Famous for its food-friendly, approachable wines and their storied history, Chianti is perhaps the best-known wine region of Italy. This sub-zone of Tuscany has it all—sweeping views of undulating hills, the hot Mediterranean sun, hearty cuisine, and a rich artistic heritage. Historically packaged in short, round, straw-covered bottles known as “fiaschi” and containing insipid red liquid, Chianti today is typically not your Italian grandfather’s pizza wine. The heart of the Chianti zone is known as Chianti Classico, as the region has expanded its boundaries over time to capitalize on the wine’s fame, thus diluting its reputation. Within Chianti there are seven other subzones with unique characteristics, including Colli Senesi, Colli Fiorentini, and Chianti Rufina.

Chianti wines are made primarily of Sangiovese, with other varieties comprising up to 20% of the blend. Generally, local varieties are used, including Canaiolo, Mammolo, and Marzemino, but international varieties such as Cabernet Sauvignon, Merlot, and Syrah have also been approved in more recent years. Basic, inexpensive Chianti is simple and fruit-forward and makes a great companion to any casual dinner involving red sauce. At its apex, it is savory and rustic with high acidity, firm tannins, and notes of tart red fruit, dried herbs, fennel, salami, balsamic vinegar, and smoky tobacco. Chianti Riserva, typically the top bottling of a producer, can benefit handsomely from a decade or two of cellaring.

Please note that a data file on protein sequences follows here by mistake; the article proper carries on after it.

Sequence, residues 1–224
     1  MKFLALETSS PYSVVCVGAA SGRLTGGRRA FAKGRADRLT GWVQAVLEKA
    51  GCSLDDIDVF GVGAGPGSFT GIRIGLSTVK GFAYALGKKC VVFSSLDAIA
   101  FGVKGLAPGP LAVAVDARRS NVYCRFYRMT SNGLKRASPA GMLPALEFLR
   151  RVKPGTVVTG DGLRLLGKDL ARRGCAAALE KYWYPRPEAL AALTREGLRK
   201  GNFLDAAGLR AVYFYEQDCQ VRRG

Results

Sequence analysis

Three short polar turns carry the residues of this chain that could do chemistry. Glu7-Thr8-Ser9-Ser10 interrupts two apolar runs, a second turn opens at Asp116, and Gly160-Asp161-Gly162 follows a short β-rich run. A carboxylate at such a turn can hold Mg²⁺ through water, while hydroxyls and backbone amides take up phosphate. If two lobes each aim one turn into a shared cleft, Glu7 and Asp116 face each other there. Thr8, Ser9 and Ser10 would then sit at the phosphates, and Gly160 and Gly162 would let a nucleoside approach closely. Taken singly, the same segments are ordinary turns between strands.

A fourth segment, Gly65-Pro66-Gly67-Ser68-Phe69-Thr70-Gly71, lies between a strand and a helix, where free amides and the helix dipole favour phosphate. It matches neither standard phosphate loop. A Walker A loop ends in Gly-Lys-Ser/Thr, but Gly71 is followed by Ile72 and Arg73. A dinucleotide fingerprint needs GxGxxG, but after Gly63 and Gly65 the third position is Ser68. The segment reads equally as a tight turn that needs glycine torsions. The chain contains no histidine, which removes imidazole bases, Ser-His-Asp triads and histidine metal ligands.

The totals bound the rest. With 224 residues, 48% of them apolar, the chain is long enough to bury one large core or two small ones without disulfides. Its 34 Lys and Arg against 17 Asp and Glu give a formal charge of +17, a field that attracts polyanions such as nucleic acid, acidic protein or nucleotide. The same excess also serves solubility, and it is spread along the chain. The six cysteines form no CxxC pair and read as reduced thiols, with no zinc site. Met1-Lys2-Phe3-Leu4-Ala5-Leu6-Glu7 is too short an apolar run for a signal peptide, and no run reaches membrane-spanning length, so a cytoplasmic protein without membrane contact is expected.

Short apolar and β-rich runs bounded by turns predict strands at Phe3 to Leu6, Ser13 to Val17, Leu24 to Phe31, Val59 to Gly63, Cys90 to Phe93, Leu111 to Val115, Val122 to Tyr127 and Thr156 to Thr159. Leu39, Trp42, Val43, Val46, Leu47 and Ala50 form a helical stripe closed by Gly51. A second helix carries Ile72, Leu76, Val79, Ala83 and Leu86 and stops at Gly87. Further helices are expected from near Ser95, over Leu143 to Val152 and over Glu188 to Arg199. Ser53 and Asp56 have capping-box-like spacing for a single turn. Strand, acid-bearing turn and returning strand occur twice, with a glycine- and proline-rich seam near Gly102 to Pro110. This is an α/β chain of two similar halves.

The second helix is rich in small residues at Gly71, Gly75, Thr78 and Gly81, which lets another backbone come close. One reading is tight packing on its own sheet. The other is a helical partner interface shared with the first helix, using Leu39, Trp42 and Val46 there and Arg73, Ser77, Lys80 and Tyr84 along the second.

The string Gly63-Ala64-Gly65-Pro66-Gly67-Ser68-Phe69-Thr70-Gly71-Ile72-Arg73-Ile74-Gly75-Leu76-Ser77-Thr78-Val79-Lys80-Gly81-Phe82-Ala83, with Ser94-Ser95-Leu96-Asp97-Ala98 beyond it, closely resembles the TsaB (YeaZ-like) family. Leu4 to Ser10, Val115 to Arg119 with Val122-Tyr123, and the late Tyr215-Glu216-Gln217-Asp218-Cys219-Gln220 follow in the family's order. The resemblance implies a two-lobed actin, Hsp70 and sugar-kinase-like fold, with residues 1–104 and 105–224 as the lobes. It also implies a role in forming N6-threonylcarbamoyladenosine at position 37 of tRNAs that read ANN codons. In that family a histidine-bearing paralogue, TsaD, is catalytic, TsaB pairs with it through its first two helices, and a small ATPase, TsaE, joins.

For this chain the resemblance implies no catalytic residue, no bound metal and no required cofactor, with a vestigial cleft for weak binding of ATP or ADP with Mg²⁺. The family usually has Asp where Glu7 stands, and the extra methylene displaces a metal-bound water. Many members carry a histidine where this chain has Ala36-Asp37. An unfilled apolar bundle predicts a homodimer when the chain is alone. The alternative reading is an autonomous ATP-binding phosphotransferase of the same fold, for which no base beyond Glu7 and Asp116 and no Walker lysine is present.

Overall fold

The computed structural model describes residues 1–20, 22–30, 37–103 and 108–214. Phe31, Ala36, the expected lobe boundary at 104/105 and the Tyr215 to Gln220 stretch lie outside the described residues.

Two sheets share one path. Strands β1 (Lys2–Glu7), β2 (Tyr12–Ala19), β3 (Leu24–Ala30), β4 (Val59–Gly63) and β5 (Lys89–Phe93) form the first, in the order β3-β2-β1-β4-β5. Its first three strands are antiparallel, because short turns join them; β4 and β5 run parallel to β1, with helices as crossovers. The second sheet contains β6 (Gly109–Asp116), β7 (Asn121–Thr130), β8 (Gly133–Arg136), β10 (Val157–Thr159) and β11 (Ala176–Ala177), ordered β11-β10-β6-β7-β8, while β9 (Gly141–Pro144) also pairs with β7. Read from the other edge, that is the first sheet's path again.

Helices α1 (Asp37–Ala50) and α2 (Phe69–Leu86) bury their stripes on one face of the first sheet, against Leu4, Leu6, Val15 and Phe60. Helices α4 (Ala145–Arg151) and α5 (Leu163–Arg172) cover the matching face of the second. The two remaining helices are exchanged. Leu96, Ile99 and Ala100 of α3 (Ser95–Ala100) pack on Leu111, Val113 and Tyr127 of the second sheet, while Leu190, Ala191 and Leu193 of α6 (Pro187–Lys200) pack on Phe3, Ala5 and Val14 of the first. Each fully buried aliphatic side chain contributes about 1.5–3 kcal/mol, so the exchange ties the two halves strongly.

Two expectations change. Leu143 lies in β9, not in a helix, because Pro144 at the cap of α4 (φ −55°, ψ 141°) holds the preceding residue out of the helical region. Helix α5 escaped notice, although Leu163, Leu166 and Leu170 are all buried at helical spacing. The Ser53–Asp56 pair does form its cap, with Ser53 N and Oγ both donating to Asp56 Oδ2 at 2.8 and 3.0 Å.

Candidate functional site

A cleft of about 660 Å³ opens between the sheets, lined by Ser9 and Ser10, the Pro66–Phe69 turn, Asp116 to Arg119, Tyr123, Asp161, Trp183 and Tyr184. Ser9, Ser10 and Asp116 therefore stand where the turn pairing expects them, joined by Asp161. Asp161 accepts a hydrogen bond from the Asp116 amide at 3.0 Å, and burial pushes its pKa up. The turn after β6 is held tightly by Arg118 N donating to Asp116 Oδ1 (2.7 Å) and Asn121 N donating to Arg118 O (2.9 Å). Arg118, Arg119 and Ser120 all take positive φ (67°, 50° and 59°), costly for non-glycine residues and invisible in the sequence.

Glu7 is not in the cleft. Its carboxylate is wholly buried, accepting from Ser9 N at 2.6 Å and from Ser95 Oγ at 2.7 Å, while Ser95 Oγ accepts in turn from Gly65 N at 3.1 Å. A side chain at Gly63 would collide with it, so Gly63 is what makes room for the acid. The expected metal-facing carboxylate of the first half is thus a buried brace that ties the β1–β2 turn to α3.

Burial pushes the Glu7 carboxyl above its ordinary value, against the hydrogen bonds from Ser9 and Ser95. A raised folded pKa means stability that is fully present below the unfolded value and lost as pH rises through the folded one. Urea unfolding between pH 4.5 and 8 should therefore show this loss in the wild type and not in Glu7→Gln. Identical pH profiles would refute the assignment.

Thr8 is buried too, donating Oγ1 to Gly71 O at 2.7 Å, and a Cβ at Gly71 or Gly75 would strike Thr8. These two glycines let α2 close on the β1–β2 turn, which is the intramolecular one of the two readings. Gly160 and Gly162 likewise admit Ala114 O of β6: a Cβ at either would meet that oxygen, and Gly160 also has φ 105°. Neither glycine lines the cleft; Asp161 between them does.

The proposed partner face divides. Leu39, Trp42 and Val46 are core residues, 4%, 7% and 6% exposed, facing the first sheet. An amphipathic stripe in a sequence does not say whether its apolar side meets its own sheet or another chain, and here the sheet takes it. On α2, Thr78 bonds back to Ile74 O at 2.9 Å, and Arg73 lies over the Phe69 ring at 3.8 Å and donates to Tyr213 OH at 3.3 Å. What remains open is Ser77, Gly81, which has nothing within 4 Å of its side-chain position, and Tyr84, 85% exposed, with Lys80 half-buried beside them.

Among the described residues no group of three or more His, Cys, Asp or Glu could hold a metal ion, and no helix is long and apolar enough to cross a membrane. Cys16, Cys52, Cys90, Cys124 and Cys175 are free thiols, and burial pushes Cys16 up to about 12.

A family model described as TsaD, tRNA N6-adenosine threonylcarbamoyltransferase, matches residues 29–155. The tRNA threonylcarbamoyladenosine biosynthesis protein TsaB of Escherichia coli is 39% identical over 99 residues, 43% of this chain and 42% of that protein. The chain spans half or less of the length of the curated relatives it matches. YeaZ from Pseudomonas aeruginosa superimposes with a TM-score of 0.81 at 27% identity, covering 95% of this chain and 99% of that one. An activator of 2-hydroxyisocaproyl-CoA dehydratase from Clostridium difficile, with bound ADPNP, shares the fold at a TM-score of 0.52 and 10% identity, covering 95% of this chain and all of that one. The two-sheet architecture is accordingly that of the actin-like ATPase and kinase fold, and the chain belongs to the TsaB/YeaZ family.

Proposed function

Sangiovese

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The perfect intersection of bright fruit and savory earthiness, Sangiovese is the backbone variety in Tuscany. While it is best known as the chief component of Chianti, it reaches the height of its power and intensity in the complex, long-lived Brunello di Montalcino. Elsewhere throughout Italy, it can make inexpensive wines for daily consumption ranging from inoffensive to deliciously easy. On the French island of Corsica, under the name Nielluccio, it produces excellent bright and refreshing red and rosé wines with a personality of their own. Sangiovese has also enjoyed moderate popularity in California and Washington State over the last few decades.

In the Glass

Sangiovese is a medium-bodied red with savory flavors of tart cherry, plum, tomato, fresh tobacco, anise, thyme, oregano, and dried earth. High-quality, well-aged examples will take on notes of smoke, clay pot, leather, gamey meat, potpourri, and dried fruits. Corsican Nielluccio is distinguished by a subtle perfume of dried flowers.

Perfect Pairings

Sangiovese is the ultimate pizza and pasta red—its high acidity, moderate alcohol, and grainy tannins create an affinity with tomato-based dishes, spicy meats, and anything off the barbecue.

Sommelier Secret

Although it is the star variety of Tuscany, cult-classic “Super-Tuscan” wines may contain no Sangiovese at all! Since the 1970s, local winemakers have been producing big, bold wines (with price tags to match) that are typically monovarietal or a blend of one or more of several international varieties—usually Cabernet Sauvignon, Cabernet Franc, Merlot, or Syrah—with or without Sangiovese.

LSB117842_2006 Item# 117842